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Recovering DNA from water traps as a behaviour of post-homicide clean-up, learnt from forensic awareness strategies

Webb, Jamie-Lee (2021) Recovering DNA from water traps as a behaviour of post-homicide clean-up, learnt from forensic awareness strategies. Masters by Coursework thesis, Murdoch University.

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Abstract

Television is one of the largest sources of messages and images in history (2) and is watched by billions, including those that would, or will, become perpetrators of serious crimes. (3). So, what messages or ideas are future perpetrators seeing? And what perceptions are they taking from the programs they tune into almost every day? Media demonstrates behaviour, and these common behaviours are what viewers cannot discriminate between reality and entertainment. (5) There are scant studies on what knowledge viewers gain from programmes with violent behaviours and their impact on their perception of reality. Could a potential perpetrator gain such information from cultivating media programmes that showcase the glamourous and fictional renderings of scientific investigations (6), such as Crime Scene Investigations (CSI) and Law and Order? The theory behind the cultivation of such media messages is that Forensic Awareness (FA) and Detection Avoidance (DA) form a cultural zeitgeist known as the CSI Effect (9). While the existence and impact of the CSI Effect continue to be studied and debated on its effects in the courtroom, a literature search exposes little published information about the potential effect on criminal activity. (15) Various forms of literature are compared and discussed on their involvement in criminal behaviour, from the judicial system, sexual homicides and prisoner studies, cultivation from the media, violence in films and current known forensic awareness and detection avoidance behaviours.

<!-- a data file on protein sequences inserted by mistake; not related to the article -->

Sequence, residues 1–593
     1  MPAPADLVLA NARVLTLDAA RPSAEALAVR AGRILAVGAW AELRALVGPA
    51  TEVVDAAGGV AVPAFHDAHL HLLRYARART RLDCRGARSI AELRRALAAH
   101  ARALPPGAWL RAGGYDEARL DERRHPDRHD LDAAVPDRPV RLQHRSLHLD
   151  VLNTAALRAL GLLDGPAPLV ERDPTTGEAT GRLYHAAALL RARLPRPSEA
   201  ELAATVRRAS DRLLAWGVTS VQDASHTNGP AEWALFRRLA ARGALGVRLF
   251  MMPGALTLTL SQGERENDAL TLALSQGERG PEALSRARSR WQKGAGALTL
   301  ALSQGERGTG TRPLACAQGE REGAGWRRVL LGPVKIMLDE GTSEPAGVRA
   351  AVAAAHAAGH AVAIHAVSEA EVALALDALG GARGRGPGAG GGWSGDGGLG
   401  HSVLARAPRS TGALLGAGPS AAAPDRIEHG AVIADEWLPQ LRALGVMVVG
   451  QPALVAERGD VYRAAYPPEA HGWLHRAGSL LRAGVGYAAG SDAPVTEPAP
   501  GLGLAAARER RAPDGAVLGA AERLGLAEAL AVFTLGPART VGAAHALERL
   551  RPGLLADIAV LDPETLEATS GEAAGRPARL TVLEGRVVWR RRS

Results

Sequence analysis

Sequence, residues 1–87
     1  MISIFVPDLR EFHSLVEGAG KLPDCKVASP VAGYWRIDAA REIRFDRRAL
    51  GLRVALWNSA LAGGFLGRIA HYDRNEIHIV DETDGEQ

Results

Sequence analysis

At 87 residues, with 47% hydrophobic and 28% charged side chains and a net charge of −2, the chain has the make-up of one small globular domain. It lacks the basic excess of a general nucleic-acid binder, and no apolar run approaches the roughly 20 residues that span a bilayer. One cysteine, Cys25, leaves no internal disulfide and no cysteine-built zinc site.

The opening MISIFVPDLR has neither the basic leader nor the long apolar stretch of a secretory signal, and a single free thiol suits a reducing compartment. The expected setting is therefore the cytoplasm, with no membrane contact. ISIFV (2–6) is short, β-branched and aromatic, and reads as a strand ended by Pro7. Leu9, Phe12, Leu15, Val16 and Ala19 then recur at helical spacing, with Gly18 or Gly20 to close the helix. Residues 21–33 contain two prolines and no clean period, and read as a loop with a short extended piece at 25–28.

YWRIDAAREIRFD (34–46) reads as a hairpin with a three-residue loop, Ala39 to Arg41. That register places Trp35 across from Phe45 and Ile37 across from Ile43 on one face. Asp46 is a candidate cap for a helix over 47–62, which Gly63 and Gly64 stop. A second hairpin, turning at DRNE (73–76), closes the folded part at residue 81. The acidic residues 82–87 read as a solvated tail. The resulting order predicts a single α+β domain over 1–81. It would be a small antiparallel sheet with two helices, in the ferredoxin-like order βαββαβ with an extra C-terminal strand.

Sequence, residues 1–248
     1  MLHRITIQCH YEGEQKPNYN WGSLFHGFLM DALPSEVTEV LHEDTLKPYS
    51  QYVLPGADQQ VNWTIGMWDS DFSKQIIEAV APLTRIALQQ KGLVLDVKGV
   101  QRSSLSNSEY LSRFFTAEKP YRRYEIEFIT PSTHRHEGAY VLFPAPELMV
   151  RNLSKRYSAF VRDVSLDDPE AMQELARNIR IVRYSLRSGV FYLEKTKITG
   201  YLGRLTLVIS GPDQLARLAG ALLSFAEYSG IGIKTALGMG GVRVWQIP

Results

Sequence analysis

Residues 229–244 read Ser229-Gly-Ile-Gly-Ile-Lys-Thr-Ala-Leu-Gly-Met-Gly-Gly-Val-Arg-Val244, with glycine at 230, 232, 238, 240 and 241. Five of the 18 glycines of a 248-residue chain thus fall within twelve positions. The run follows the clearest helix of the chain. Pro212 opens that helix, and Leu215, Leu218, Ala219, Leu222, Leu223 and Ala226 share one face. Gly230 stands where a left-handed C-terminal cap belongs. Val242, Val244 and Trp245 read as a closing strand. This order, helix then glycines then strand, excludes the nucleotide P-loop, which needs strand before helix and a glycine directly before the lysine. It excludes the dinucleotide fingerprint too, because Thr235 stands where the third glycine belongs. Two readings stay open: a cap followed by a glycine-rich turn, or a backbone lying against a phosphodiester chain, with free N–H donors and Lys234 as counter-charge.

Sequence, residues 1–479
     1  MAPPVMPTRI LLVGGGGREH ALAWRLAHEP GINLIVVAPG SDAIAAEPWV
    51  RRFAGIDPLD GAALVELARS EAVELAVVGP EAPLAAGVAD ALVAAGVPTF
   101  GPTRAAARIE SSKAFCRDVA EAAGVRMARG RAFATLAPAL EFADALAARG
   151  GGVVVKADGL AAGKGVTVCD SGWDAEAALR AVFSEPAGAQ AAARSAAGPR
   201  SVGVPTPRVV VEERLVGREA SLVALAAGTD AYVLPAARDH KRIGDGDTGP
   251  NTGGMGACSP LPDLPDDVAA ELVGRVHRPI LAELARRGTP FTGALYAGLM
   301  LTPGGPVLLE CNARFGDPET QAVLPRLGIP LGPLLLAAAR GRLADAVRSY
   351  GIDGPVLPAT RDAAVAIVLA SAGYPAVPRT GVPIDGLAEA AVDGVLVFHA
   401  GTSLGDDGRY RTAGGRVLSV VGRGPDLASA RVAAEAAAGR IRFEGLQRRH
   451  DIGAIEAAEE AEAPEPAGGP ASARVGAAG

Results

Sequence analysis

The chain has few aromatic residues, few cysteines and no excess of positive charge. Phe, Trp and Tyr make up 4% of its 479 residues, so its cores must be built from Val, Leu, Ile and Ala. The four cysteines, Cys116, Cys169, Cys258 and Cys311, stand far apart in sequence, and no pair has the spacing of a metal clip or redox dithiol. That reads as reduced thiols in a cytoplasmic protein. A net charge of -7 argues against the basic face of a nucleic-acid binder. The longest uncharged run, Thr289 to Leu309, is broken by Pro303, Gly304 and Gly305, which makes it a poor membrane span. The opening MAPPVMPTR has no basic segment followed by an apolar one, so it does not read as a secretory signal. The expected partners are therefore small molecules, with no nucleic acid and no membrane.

A research gap inspired the project’s experimental aims from evaluating the minimal literature. Aiming to determine if potential criminals know they are performing detection avoidance behaviours as knowledgeable forensic awareness strategies. Criminals may manipulate or degrade evidence left behind through chemical agents and “washing” of the crime scene to adopt these forensic awareness strategies. The proposed project will determine if chemical manipulation prevents biological evidence, such as Deoxyribonucleic acid (DNA) through blood evidence, from being recovered at scenes. Or if degrative techniques also prevent blood evidence examination through presumptive and confirmatory testing. This project also aims to determine if a standard DNA recovery volume can be created, given the amount of blood recovered from the aqueous sink environment.

Item Type: Thesis (Masters by Coursework)
Murdoch Affiliation(s): Medical, Molecular and Forensic Sciences
Supervisor(s): Chapman, Brendan
URI: http://researchrepository.murdoch.edu.au/id/eprint/64108
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